Chapter 3:

Prediction of redox potentials for Co4O4 cubanes over a 1400 mV range: Implications for the feasibility of formal Co(V)¬–Oxo species

Synthetic methods were developed for generating new Co4O4 cubanes comprising highly electron-deficient ligands, electron-rich ligands, and ligands with secondary hydrogen-bond donors. The synthetic methods also allowed for cubanes with mixed carboxylates. A two-dimensional linear free energy relationship (LFER) was found to accurately predict the [CoIII4O4]4+/[CoIVCoIII3O4]5+ and [CoIVCoIII3O4]5+/[CoIV2CoIII2O4]6+ redox potentials as a function of the pKa of the ligands bound to the cubane. These redox potentials span a maximum of 1420 mV. Comparing cubanes containing intramolecular hydrogen-bonds with those lacking hydrogen-bonds allowed for the rationalization of the different redox potentials previously seen for the same cubane in water versus polar aprotic solvents. Finally, application of the LFER to the proposed, non-isolable intermediates in cubane-mediated water oxidation allowed estimation of their redox potentials and support for their plausibility.

Chapter 4:

Tunable, site-isolated Co4O4 oxygen-evolution catalysts uniformly dispersed within porous frameworks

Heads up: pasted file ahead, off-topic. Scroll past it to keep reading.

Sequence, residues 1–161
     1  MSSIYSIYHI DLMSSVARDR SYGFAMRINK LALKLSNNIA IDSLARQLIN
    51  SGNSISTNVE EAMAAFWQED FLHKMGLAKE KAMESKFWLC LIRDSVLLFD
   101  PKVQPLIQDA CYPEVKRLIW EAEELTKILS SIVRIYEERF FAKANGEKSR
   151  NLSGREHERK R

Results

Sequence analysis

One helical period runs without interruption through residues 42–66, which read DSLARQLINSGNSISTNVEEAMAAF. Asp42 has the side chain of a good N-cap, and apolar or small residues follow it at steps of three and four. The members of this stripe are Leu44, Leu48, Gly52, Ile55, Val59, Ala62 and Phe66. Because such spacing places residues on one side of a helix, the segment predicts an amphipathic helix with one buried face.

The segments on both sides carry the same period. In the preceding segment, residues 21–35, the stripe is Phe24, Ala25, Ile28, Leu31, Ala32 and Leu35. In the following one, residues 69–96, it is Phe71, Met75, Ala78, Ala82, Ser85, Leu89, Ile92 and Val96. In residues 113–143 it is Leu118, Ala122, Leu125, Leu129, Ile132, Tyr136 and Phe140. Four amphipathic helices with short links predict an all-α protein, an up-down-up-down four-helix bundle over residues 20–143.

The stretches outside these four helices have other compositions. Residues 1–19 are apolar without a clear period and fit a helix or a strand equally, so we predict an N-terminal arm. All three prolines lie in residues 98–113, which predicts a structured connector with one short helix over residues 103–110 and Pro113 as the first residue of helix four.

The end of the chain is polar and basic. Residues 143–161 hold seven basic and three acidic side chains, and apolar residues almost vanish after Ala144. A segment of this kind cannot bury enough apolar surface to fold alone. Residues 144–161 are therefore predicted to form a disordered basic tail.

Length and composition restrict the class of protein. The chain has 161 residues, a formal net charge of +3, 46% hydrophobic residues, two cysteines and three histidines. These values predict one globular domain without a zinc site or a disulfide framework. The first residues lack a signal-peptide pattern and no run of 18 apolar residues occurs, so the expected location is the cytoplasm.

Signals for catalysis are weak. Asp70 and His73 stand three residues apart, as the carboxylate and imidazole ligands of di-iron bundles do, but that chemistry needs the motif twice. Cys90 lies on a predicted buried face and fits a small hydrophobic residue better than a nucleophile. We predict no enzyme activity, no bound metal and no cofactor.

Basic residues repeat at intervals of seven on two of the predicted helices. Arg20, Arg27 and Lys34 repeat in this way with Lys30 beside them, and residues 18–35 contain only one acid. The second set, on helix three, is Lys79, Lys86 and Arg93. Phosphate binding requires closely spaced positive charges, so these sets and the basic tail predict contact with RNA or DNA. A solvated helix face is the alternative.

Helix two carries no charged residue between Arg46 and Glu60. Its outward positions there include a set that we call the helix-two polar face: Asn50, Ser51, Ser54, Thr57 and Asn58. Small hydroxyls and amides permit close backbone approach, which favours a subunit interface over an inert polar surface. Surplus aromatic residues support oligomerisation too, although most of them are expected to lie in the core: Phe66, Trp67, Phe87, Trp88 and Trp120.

Three-dimensional porous coordination-polymers composed of Co4O4 cubanes and several organic linkers were synthesized as new, tunable heterogeneous oxygen evolution reaction (OER) catalysts. Frameworks were synthesized either by substituting the acetate ligands of the cubane, Co4O4(OAc)4py4 (OAc = acetate, py = pyridine), with tricarboxylic acids, or by substituting the pyridine linkers with tripyridyl ligands. Although these solids lack long-range periodicity, their structures were well characterized by a suite of techniques, including X-ray absorption spectroscopy (XAS), extended x-ray absorption fine structure (EXAFS), and pair-distribution function analysis (PDF). Evidence for their high surface areas come from thermogravimetric analysis and gas sorption data. The tripyridyl-linked frameworks were significantly more stable than the tricarboxylate-linked frameworks towards the high pH conditions used in the OER. Stoichiometric O2 evolution occurs by addition of the oxidized coordination-polymers into pH 14 solutions, demonstrating the retention of the molecular cubane precursor’s OER reactivity. Finally, thin films of these polymers on glassy carbon perform as OER electrocatalysts. Their overpotential is tuned by the basicity of the linker ligands, demonstrating these as tuneable heterogeneous OER electrocatalysts.